COMPARISON: Read our review of the 2014 Arctic Cat ZR 7000 Sno Pro + Video

As an all-around terrific snowmobile, the 2015 Yamaha Viper R-TX DX scores huge points. This is a sled that is built to be ridden every day. The powertrain of Yamaha triple combined with the Yamaha drive and driven clutching is not simply reliable, but cost efficient. Remember, you only have to add oil (and a filter) before the riding season and then simply keep the 10-gallon fuel tank filled up with 87 octane gas to get maximum enjoyment.

That enjoyment continues to heat up the first time you flip the low-high toggle switch on the standard heated seat. This is the “deluxe” version, remember! And, while your buddies with their racy, low cut windscreens are freezing their noses and frosting their eyeballs, you’re secure sitting behind an unglamorous but highly effective Viper DX windshield.

Comfort comes in many ways. Yes, there is the heated seat and tall windshield, but also there are 13.5 inches of suspension travel from the SR 129 rear suspension and ergonomic comfort with the tallish but rounded Viper saddle and curved handlebar. Plus, for 2015, the DX adds more outward style with a bright red and white combination or a very stealthy black and silver trim. When looking at the 2015 DX color combinations, maybe the 2014 base Viper was, well, too basic. That won’t be the case with this edition.

COMPARISON: Read our review of the 2014 Ski-Doo GSX LE ACE 900 + Video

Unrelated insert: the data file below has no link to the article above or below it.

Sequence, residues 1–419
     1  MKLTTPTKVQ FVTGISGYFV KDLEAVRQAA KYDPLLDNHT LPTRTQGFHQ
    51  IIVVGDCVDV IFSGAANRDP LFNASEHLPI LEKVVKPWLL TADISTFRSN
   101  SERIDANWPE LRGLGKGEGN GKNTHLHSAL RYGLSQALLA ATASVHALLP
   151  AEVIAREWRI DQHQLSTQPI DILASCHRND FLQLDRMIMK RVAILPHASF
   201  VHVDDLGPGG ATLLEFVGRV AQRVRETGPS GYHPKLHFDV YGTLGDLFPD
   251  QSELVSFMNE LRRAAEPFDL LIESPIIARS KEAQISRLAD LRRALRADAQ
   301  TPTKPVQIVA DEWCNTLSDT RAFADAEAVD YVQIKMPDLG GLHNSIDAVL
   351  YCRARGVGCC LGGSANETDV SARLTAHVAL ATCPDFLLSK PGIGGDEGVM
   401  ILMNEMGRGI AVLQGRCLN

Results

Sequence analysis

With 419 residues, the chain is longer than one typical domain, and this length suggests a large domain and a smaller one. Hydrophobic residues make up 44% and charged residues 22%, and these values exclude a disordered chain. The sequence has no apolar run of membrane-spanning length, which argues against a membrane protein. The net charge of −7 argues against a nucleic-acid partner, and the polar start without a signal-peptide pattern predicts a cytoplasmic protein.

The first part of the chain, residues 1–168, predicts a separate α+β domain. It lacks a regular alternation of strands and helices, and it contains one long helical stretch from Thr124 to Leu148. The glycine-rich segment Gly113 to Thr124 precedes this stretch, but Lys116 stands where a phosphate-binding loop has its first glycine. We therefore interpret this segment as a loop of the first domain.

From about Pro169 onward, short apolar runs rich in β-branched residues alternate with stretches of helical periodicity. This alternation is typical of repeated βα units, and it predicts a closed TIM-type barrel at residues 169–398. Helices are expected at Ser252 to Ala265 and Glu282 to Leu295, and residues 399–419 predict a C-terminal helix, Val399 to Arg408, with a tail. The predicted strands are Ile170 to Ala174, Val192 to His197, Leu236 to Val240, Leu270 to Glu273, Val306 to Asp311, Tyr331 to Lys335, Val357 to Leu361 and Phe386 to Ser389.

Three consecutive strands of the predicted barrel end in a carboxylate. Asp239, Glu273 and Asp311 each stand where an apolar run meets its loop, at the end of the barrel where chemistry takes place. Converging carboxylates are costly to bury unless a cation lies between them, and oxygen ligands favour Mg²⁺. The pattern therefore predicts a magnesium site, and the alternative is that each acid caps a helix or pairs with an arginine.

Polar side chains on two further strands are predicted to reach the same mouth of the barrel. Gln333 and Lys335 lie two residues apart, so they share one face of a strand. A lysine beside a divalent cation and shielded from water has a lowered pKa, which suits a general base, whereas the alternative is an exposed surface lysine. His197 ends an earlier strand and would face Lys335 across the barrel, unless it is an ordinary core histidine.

Yamaha redefines deluxe with its R-TX DX. Electric start and a push button-actuated mechanical reverse come standard. There’s a very informative digital display that lets you move various output on the display screen. The rear storage bag can hold a spare drive belt – plus, extra tools and a towrope to help your buddies if they get into trouble. Hey, this is still a Yamaha and that drivetrain has been rated as one of the most reliable and durable in the snowmobile business. The only place where we see the Viper falling down a bit comes from the sled’s fit and finish. It seems to be improved for 2015, but remember to set your expectations a bit lower on the “Yamaha-scale.” This sled may be powered by Yamaha, but it is built by Arctic Cat and we couldn’t help but notice the differences between the Yamaha-built and the non-Yamaha built models. For the most part, only long time Yamaha owners would recognize the differences. Long time Cat owners wouldn’t know what we’re talking about. They’d accept the fact that sometimes the grey reverse pushbutton wouldn’t come back out. Or, that some cowling pieces didn’t fit or line up as well as they would on, say, a Yamaha Vector or Apex.

All of that aside, we’d much rather have the 2015 Viper R-TX DX than a Nytro. Ah, heck, we’d rather have it over a Vector for that matter. The Viper R-TX DX is simply a terrific all-around sled that can handle off-trail moguls well enough, corners extremely well, sits comfortably and, most importantly, brings a kid-like smile to any serious trail rider. It just does everything you want in a sled.

2015 Yamaha SR Viper R-TX DX Specs
Engine Yamaha Genesis four-stroke high-performance 1049cc; bore/stroke of 82.0mm/66.2mm; three-cylinder, liquid-cooled; 41mm electronic fuel injection system; dry sump lubrication
Horsepower 130+
Drive Yamaha YVXC drive clutch with Yamaha driven
Front Suspension Yamaha SRV tall A-arm with rebuildable HPG aluminum shocks; up to 10.0-in of travel
Rear Suspension Yamaha Dual Shock SR 129 parallel slide rail; aluminum rebuildable high-pressure gas shocks; up to 13.5-inches of travel
Brake Hayes radial master cylinder hydraulic brake system with disc mounted on drive shaft
Length 118.0 in
Height 48.8 in
Width 48.0 in
Ski Stance Adjustable 42-43-in
Track 15 x 129 x 1.25 Camoplast Rip Saw II
Weight N/A
Fuel Capacity 10.0 US Gal (Regular fuel)
Features Heated seat, rear storage bag, digital gauge, push button reverse, electric start; Yamaha Tuner skis
MSRP US$12,399